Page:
Northwestern is not exactly a breeding ground for the NFL, but with 27 wins over the past 3 seasons and the longest winning streak in the Power 5, they are certainly on the radar screen of scouts. Twelve Wildcats have been drafted since 2010 – more than schools like Minnesota and Purdue, but, for reference, the same amount as Alabama had in 2018 alone. Northwestern had just one player drafted this year in Justin Jackson (it still hasn’t hit us yet), but in the days after the draft four players were signed as undrafted free agents: Godwin Igwebuike, Tyler Lancaster, Kyle Queiro and Warren Long. NBN Sports takes a look at which products of Fitz' system have a chance to make a roster and contribute to their teams.
Jono Zarrilli: We’ve got to start with Justin Jackson here. He was drafted by the Los Angeles Chargers with the 251st pick in the seventh round. While he fell lower than any Northwestern fan knows he should have, especially after his eye-opening NFL Combine, The Ball Carrier has plenty of opportunity in the City of Angels. Fellow Big Ten product and Pro Bowler Melvin Gordon (who Jackson beat his freshman year) is the undisputed lead back and workhorse, but behind him Jackson has only Austin Ekeler to compete with for the backup gig. If the Chargers want to take 3 tailbacks, Jackson should end up on the Week 1 roster as an athletic, versatile change-of-pace back.
Lukas Stachtiaris: As the only drafted Wildcat, seventh-round-pick Justin Jackson had one of the most impressive NCAA resumes in the draft. Jackson holds the Northwestern school record for rushing yards, but more impressively ranks 11th all-time across Division 1 Football in career yards. Despite an impressive resume combined with a stellar combine, Jackson enters the draft at 23 years of age at a position where the drop-off age is commonly believed to be around 27 years old, one of the youngest positional drop-off ages in professional sports. So, while Jackson offers a more impressive resume than much of his competition, he offers a shorter NFL lifespan in comparison to players like 21-year old #2 overall pick Saquon Barkley. If Jackson wants to see NFL field time, he’s going to have to prove his worth early with the Chargers.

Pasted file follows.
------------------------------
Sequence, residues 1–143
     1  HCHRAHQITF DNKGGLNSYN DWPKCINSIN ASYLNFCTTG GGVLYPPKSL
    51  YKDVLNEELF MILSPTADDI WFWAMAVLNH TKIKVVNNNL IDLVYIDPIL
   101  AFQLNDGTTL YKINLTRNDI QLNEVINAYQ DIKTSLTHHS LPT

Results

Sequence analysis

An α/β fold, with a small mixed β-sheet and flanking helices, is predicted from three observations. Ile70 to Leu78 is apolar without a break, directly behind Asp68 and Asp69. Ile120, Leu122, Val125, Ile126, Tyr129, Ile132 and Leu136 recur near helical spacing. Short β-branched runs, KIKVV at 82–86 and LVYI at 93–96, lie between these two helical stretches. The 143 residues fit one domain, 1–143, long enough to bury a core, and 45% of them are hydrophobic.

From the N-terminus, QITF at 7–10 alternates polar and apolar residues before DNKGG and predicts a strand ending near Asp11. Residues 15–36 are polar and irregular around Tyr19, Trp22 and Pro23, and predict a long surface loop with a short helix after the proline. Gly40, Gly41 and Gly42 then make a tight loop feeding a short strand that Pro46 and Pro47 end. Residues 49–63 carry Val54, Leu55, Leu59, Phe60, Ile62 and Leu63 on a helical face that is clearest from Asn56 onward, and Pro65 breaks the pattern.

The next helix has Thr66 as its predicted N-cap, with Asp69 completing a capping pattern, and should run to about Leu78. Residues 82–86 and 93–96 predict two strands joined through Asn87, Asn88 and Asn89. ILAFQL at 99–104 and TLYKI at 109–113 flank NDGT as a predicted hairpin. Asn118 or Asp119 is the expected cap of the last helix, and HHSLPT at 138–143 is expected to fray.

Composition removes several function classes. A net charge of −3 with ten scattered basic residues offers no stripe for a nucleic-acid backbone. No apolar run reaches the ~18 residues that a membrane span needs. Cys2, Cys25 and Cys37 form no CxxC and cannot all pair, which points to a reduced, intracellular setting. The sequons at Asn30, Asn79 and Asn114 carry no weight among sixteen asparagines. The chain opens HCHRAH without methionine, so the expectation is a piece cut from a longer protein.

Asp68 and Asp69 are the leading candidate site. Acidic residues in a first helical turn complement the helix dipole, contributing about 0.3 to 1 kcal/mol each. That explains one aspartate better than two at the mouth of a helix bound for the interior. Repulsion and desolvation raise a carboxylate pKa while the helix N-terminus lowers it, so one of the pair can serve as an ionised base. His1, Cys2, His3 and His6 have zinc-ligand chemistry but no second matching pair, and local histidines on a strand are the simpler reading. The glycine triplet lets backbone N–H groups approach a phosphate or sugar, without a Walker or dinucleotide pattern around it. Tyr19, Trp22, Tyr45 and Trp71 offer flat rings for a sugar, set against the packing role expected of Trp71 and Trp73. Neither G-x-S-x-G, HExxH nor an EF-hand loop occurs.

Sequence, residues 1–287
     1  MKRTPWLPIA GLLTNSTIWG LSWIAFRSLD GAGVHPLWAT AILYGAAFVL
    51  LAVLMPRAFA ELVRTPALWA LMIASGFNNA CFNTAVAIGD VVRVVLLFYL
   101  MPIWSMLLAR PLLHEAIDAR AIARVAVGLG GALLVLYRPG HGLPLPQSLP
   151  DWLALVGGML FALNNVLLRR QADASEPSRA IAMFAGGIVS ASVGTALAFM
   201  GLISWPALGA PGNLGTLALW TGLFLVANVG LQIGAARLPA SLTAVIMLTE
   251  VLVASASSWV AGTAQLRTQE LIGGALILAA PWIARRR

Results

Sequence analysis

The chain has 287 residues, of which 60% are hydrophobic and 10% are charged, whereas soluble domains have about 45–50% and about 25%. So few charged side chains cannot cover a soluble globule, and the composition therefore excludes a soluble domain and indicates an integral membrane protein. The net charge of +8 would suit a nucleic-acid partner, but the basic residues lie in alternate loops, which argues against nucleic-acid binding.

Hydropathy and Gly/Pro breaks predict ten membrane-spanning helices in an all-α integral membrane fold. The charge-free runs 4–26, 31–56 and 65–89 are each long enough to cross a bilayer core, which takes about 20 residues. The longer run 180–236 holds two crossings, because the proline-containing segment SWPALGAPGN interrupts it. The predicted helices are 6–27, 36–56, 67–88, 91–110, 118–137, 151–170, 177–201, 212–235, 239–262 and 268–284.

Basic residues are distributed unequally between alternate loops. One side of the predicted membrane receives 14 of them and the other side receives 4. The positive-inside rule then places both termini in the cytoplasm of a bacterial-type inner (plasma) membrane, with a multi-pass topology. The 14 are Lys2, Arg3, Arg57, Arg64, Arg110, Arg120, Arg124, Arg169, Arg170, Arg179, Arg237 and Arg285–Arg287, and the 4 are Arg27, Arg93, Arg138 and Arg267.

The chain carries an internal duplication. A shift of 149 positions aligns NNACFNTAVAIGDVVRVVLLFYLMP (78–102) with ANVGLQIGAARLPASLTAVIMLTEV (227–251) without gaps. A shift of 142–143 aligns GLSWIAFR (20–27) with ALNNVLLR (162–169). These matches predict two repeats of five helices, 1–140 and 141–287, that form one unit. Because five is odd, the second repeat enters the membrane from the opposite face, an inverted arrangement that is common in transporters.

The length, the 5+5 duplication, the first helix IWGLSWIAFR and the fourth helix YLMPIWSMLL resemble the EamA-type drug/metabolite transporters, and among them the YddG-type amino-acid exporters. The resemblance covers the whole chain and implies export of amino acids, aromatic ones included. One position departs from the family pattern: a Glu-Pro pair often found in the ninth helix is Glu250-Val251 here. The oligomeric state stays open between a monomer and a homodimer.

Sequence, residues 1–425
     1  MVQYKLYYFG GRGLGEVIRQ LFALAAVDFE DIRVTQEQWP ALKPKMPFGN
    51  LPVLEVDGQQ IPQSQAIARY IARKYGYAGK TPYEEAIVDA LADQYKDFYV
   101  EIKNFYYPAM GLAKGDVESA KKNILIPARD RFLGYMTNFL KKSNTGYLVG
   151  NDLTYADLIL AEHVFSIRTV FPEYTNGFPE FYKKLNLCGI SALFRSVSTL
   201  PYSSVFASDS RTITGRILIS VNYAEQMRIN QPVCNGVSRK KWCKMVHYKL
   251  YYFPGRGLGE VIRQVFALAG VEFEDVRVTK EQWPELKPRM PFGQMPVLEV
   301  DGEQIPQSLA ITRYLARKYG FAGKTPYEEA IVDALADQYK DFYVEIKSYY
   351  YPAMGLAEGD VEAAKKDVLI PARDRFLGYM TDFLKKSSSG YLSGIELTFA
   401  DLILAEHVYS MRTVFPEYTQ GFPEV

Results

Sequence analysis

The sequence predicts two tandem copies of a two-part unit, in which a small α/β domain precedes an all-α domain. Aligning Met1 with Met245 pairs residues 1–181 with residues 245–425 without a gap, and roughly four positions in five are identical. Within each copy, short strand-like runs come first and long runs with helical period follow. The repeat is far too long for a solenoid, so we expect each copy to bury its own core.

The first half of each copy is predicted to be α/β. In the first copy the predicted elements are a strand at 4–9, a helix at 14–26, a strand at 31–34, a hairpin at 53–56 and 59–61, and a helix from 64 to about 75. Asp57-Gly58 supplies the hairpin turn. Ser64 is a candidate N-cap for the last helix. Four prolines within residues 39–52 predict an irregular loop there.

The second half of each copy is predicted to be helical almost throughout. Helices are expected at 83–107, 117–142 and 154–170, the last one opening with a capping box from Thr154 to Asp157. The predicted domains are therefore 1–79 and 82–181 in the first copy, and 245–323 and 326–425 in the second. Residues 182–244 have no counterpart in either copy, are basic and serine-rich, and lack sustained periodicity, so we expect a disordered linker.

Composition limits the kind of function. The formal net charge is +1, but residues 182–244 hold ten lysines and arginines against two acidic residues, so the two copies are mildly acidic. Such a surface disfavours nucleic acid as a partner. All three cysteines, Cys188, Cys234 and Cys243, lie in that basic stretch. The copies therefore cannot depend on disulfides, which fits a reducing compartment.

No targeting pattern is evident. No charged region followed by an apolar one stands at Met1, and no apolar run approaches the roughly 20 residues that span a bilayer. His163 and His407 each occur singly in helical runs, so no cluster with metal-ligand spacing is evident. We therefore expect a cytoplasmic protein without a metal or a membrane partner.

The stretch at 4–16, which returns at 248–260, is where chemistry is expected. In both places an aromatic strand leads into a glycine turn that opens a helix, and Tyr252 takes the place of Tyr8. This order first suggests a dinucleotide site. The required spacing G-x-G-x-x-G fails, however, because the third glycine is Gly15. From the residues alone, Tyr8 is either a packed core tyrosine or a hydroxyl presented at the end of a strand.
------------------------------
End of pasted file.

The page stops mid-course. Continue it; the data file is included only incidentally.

Trevor Lystad: Jackson probably has the best shot at making an NFL roster, but I think DT Tyler Lancaster might surprise some people in Green Bay after going undrafted. NU’s captain had impressive measurables at his Pro Day: He has great size at 6-foot-3 and 313 pounds and ran a 4.96 40-yard dash, quite fast for a player that big. (For context, the first DT drafted this year runs a 5.10.) Green Bay is known for running a 3-4 scheme similar to Northwestern’s style, and they aren’t especially deep at nose tackle behind starter Kenny Clark. Lancaster has lots of room to grow, especially as a pass rusher, but don’t be shocked if Lancaster is still a Packer come the regular season (even if our good friends at InsideNU are haters).
Shreyas Iyer: Godwin Igwebuike dropping out of the draft entirely was a big surprise for me. Igwebuike was a projected Day 2 or 3 pick at safety, especially after crushing his combine. The former standout placed first in the three cone drill and the 60-yard shuttle for safeties, and finished in the top ten in the 40, bench press, vertical, and broad jump. Although he is a relatively small safety at 5’11’’ and 225 pounds and will have some growing pains with man to man coverage at the next level, he could be a great downhill thumper for Tampa Bay behind presumptive starter Chris Conte, or at the very least a special teams performer with the tackling prowess to contribute immediately. Although Conte had a decent year last year, the Bucs defense isn’t full of world-beaters; Igwebuike should be able to challenge for a roster spot. With his strong tackling ability, he may find a use as a safety-linebacker hybrid in coordinator Mike Smith’s defense.